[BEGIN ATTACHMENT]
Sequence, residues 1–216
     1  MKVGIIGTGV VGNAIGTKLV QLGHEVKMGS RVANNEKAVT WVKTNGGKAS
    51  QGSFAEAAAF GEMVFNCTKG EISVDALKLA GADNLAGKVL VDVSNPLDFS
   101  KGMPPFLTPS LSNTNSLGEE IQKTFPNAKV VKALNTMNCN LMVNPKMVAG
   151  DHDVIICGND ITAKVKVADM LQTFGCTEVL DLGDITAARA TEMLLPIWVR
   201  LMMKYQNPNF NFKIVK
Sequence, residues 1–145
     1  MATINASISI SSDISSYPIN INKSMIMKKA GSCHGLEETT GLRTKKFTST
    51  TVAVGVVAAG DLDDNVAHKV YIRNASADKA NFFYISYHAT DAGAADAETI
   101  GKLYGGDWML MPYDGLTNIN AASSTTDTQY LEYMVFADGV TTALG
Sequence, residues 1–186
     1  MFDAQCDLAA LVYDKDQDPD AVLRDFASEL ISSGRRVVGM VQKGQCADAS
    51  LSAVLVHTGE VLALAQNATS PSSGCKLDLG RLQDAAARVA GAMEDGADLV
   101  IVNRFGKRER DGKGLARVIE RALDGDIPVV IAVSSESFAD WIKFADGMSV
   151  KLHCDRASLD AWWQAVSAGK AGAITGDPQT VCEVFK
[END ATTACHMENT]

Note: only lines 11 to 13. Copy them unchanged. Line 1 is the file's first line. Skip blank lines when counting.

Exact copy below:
Sequence, residues 1–186
     1  MFDAQCDLAA LVYDKDQDPD AVLRDFASEL ISSGRRVVGM VQKGQCADAS
    51  LSAVLVHTGE VLALAQNATS PSSGCKLDLG RLQDAAARVA GAMEDGADLV